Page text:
have 20 rectangles named Obj10 through Obj30, this may not be
helpful. Having a unique name will enable you to select the correct
component with little trouble.

In addition to identifying an Object in a dialog, using a unique
descriptive name can help you to quickly find an Object or
component in your published HTML files. This can be helpful if an
Object is not being displayed as expected and you wish to examine
the code. Your "RedCar" Object can be found by searching for
"ORedCar" in the HTML source file. Similarly, geometry
components will use the name you set in the project with a "G"
prefix. By pre-appending an "O" to Objects and a "G" to Geometry
you can use the same name for Objects and Components in your
project without conflict and still distinguish between each in the
HTML file.

If you have been wondering how to create web pages with names
that are a little more descriptive than "Page1.htm", "Page2.htm",
"Page3.htm" etc., simply change the name in the Page Edit box.
Unlike Objects and components, pages can use up to 48 characters.
In case you do not know, the entry page to you web site is usually
called "index.htm", "default.htm" or something similar. This is the
page that will be displayed when someone types in the URL of your
site without a file name. Check with your service provider to find the
name of this page if you do not already know it. If the default entry
page is "index.htm" for example, change the name of the main page
in your IMS project to "index".

You should take care when naming an Object or Page not to use
none standard characters. Characters such as "*&^%$#@!" or a
space, can cause problems that generate an error or an unexpected
result in a Browser. Netscape in particular does not like names that
start with a number. If you stick with the 26 character alphabet and
the nine digits (provided the name does not start with them), you
should not have any problems with naming your Pages, Objects and

4. Reader Questions:

Last week my introductory topic was on 'Browser Difference' and
some of the problems that may occur if you do not check your site
with at least the two most popular Browsers. As a few of you
discovered when I inadvertently posted an e-mail from J. Michael
McKay to the list, this was precisely the problem he was having.

What do you think is happening here viginiaweb.com
Works about the way I want it to in IE. Netscape 4.6 displayed it
well until today when I put in some mouse overs. Can it be
corrected to work for Netscape?

And a little time later...

I took out several objects in Virginia Web. I got to a place where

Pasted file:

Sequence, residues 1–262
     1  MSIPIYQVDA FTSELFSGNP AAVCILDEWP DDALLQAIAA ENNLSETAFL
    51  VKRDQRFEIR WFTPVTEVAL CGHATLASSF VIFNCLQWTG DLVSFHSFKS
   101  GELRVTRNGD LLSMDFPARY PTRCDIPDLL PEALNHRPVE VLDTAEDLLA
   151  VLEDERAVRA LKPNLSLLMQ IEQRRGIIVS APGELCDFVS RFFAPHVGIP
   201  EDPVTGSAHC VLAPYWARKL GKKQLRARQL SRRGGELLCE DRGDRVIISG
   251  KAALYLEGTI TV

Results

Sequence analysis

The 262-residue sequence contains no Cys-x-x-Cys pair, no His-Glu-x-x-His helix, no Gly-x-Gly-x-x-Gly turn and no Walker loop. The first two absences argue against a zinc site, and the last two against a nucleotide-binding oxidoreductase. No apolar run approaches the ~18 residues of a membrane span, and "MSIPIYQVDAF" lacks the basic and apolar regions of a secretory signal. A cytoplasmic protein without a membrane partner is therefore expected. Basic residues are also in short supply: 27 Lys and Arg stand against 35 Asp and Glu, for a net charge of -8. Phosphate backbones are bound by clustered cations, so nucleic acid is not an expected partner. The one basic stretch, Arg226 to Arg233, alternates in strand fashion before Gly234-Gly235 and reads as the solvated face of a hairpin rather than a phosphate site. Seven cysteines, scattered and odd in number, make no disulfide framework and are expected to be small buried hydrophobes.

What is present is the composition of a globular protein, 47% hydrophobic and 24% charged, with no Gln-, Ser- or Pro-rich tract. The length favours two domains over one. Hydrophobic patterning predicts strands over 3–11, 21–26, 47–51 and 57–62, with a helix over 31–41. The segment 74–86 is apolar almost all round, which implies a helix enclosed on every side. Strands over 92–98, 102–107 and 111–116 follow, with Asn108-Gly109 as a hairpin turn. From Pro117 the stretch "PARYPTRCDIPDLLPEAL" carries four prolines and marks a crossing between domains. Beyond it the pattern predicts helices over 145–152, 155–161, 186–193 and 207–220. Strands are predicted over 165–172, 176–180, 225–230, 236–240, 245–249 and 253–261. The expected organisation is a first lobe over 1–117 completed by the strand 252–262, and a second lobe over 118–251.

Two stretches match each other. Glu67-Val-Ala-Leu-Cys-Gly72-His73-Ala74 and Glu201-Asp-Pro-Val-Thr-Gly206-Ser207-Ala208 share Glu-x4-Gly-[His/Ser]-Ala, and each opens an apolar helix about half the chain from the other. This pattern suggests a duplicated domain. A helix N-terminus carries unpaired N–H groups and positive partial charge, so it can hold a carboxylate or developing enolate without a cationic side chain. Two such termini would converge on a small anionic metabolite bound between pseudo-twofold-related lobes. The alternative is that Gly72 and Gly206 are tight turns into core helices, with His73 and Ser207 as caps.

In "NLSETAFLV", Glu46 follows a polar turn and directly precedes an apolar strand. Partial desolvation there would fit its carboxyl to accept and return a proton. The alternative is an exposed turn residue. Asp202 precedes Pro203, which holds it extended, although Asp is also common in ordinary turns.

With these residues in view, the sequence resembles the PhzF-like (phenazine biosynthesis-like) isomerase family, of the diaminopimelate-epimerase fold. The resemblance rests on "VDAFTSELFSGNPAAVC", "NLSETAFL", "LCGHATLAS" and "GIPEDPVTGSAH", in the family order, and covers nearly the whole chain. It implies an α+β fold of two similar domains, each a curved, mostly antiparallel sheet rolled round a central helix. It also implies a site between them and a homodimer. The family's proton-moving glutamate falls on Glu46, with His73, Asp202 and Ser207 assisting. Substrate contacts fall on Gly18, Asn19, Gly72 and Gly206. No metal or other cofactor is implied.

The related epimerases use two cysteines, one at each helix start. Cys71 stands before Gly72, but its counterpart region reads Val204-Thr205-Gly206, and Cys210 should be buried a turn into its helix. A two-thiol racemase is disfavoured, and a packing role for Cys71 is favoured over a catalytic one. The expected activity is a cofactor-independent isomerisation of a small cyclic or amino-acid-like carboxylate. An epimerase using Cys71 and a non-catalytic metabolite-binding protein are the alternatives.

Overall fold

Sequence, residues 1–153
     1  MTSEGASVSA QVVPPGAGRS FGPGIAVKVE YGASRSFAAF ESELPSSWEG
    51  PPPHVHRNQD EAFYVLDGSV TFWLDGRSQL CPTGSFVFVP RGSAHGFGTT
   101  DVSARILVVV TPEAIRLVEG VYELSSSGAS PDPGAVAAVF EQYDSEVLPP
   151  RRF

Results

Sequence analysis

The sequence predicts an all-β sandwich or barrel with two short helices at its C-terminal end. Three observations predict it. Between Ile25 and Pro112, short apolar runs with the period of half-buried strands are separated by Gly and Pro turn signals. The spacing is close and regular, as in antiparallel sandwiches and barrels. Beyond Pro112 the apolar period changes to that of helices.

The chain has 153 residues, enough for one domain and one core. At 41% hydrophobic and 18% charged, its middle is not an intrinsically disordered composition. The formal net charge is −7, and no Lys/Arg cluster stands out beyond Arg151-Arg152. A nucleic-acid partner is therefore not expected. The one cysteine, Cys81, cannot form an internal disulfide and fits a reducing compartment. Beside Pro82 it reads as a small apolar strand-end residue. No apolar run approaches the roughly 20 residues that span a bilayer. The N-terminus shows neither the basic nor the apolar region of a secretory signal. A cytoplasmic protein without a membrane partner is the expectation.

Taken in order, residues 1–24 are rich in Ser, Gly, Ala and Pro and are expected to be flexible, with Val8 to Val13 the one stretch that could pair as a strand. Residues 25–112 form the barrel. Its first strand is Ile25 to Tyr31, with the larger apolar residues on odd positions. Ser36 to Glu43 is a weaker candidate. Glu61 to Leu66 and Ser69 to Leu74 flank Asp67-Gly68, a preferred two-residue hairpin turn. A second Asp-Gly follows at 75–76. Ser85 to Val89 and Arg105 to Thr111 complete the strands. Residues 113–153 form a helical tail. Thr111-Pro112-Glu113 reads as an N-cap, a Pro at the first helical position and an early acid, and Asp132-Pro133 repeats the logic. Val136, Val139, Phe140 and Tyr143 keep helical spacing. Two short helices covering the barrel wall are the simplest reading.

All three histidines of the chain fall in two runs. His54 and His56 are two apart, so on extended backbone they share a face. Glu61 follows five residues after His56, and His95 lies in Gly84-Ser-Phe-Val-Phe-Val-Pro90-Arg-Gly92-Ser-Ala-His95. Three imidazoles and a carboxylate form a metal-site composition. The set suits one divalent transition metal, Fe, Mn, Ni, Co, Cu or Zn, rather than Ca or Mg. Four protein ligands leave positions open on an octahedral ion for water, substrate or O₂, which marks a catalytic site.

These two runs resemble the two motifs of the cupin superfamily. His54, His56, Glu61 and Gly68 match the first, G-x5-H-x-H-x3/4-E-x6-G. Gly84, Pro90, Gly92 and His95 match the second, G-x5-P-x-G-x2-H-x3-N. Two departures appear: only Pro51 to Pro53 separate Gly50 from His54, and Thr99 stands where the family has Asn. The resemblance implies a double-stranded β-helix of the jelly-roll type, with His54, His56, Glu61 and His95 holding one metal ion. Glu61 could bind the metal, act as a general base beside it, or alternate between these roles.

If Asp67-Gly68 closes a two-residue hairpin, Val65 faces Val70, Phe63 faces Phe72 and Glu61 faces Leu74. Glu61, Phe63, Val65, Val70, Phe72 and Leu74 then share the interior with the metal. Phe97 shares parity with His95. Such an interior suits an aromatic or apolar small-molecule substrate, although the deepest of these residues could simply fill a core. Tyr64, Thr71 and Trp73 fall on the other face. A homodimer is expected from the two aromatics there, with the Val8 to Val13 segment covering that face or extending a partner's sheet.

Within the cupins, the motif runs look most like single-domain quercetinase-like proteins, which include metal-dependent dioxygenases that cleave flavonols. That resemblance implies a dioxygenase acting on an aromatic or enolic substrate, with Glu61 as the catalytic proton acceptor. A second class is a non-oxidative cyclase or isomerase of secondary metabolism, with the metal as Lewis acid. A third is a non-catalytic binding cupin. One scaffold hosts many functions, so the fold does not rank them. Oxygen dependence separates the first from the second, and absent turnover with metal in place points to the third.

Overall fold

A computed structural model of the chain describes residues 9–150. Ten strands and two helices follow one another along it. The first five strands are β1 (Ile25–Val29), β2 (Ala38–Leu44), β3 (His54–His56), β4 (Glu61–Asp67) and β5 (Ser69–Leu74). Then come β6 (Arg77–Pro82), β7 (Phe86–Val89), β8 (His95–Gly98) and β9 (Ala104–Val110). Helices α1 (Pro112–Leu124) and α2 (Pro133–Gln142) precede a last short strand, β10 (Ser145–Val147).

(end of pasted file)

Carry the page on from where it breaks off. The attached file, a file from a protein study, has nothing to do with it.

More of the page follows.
everything lined up and displayed correctly, except mouse triggers,
and then started to put everything back together. This is weird but I
got the same results, things not displaying in the right place, until I
took each object and pushed it back (arrange) twice. So each time I
put an object in, I have to send it back two times and it displays ok
in Netscape 4.61. Is this weird? Continuing on I found an object
that needed to go back four places and it displayed properly.

"J. Michael Mc Kay"

No it's not weird if you understand what is happening. One or both
of the last two Objects has either an invalid or hidden character that
Netscape does not like. Anything Netscape reads from the HTML
file before it encounters this problem will display OK. Anything it
reads after will be problematic.

When you create or load a new Object, it will by default be at the
Front or Last Object in the file. When you move the new Object
'Back Two' it will be read before the invalid Objects and appear
OK. You need to find the problem with the invalid Object(s).

As I mentioned in last weeks newsletter, look for control characters
such as the "<" less than character and the "&" ampersand character.
Use < and & for these characters which are the HTML
equivalent instead of the characters themselves. See the issue 3
newsletter for more info on Special Characters.

Other possible problems include special hidden characters that you
can not see in the IMS Text Editor when using Rich Text. You can
get rid of these by selecting HTML mode, exiting the editor, re-
entering the editor and re-selecting Rich Text mode.

If you have imported or added any HTML you need to verify that it
is valid. If needed, you can delete individual sections of text in the
Invalid Text Objects until you find were the problem is.

5. Next Week.

1. Introduction to HTML 201
2. Promoting your site: Understanding your stats
3. IMS tip: Dolly the sheep. Copy and Clone.
4. Reader Questions.
Send your Questions to tips@VirtualMechanics.com
with "QUESTION"as your Subject. If we don't know the answer,
5. In next weeks issue.